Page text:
"British Sea Captain's Report may Account for Long Missing Waratah
Manila - September 20, 1909"
"The British steamer Harlow, Capt Bruce, from Newport News June 14, for Port Natal and Manila, reports that on July 27, while 180 miles from Durban, passed a steamer afire."
"The vessel in question, whose name it was impossible to make out, was shortly afterwards destroyed by an explosion."
"It is supposed that this steamer was the missing British steamer Waratah, which with 300 persons on board, has not been heard from since July 26."
The New York Times
published: September 21, 1909
This newspaper cutting demonstrates how misleading some reports of the time were. It is a short report and even though it was published in the renowned New York Times, it has a number of factual errors. The first is the Harlow did not pass a steamer on fire. It would be an act of extreme cruelty and negligence for a Captain of a vessel to pass another vessel on fire without coming to that vessel's assistance. The true fact is Captain Bruce and his crew saw a large steamer coming up astern more than 10 miles distant, making a great deal of smoke, which suggested that the steamer might have been on fire.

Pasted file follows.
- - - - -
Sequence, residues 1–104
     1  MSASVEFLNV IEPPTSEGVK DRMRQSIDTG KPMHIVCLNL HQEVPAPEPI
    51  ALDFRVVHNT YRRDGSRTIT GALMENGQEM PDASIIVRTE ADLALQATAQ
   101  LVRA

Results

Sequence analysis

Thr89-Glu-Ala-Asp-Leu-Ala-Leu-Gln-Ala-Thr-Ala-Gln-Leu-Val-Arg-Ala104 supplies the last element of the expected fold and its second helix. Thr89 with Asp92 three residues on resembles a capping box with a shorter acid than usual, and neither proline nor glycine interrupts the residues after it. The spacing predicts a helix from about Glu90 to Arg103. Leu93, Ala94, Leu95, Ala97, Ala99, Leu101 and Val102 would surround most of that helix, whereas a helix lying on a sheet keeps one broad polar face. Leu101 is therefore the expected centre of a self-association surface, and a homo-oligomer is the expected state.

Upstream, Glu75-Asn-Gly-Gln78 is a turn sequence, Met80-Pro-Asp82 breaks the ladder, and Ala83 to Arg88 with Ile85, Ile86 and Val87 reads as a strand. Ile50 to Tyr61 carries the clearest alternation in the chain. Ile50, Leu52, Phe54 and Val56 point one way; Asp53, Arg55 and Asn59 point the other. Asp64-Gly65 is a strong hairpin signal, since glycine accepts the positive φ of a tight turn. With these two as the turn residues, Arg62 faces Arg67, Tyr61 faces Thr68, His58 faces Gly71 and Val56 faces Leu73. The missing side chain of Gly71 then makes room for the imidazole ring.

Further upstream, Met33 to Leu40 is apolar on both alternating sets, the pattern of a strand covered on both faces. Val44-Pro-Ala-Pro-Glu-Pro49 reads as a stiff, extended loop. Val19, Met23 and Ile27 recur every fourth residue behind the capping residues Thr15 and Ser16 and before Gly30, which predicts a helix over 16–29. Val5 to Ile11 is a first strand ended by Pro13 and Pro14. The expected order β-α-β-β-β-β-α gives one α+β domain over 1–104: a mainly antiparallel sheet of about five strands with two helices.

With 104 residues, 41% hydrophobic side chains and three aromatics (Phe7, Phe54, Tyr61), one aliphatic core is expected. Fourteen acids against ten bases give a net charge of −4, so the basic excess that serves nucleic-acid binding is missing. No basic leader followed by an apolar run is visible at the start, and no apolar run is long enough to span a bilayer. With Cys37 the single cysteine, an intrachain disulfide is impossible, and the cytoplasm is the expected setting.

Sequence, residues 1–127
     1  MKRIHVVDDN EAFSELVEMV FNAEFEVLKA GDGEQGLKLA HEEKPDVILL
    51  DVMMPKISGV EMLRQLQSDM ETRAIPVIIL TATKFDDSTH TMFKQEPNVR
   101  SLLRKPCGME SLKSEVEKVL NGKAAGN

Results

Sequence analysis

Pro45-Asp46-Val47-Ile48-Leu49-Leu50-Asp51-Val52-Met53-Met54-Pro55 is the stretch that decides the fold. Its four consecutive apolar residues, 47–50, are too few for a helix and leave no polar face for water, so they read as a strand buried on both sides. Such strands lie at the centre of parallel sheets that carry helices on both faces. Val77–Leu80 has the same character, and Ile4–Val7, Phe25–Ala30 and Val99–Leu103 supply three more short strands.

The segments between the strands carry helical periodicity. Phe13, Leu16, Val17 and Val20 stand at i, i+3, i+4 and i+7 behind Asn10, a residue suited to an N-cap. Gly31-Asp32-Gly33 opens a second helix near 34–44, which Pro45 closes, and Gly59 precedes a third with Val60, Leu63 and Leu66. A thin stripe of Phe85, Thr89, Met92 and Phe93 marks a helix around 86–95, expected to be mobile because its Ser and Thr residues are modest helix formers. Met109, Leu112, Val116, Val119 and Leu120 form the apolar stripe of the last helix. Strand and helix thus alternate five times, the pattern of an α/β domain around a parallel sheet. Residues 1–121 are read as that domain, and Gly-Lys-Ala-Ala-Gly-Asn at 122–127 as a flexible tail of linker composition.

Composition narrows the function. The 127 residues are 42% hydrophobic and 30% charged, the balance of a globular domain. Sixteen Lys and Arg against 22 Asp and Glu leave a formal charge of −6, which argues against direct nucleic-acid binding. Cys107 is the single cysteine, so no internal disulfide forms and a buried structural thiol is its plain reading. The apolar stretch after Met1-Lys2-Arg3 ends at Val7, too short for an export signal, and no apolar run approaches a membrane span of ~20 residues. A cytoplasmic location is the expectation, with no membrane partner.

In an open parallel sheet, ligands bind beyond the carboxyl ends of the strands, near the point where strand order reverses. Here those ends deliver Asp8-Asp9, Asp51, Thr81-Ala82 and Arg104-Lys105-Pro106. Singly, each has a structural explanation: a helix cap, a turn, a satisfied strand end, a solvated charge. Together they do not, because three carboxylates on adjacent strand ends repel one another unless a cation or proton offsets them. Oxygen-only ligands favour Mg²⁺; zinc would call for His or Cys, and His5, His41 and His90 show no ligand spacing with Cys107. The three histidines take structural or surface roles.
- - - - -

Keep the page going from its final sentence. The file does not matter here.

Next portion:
The second error; the steamer in question was destroyed by an explosion. The true fact is the large steamer was observed gaining on the Harlow when two flashes of light were seen in the direction of the steamer (persisting as red glows in the sky, lasting for two minutes) followed by the disappearance of the steamer's running lights and all visible evidence of the steamer in question. No explosions were heard, which if there had been an explosion would not have been the case given the distance between the vessels by the last moments was less than 4 miles.
The third error; the number of people on board the Waratah was not 300. The true fact; there were 211 souls on board.
The fourth error; the Waratah was last seen on 26 July, 1909. The true fact; there was a documented and confirmed exchange between the Waratah and the Clan MacIntyre on 27 July (between 6 and 9:30 am).
It's no wonder that much of this misleading reporting remains fixed in the public mind.
|the Morro Castle on fire|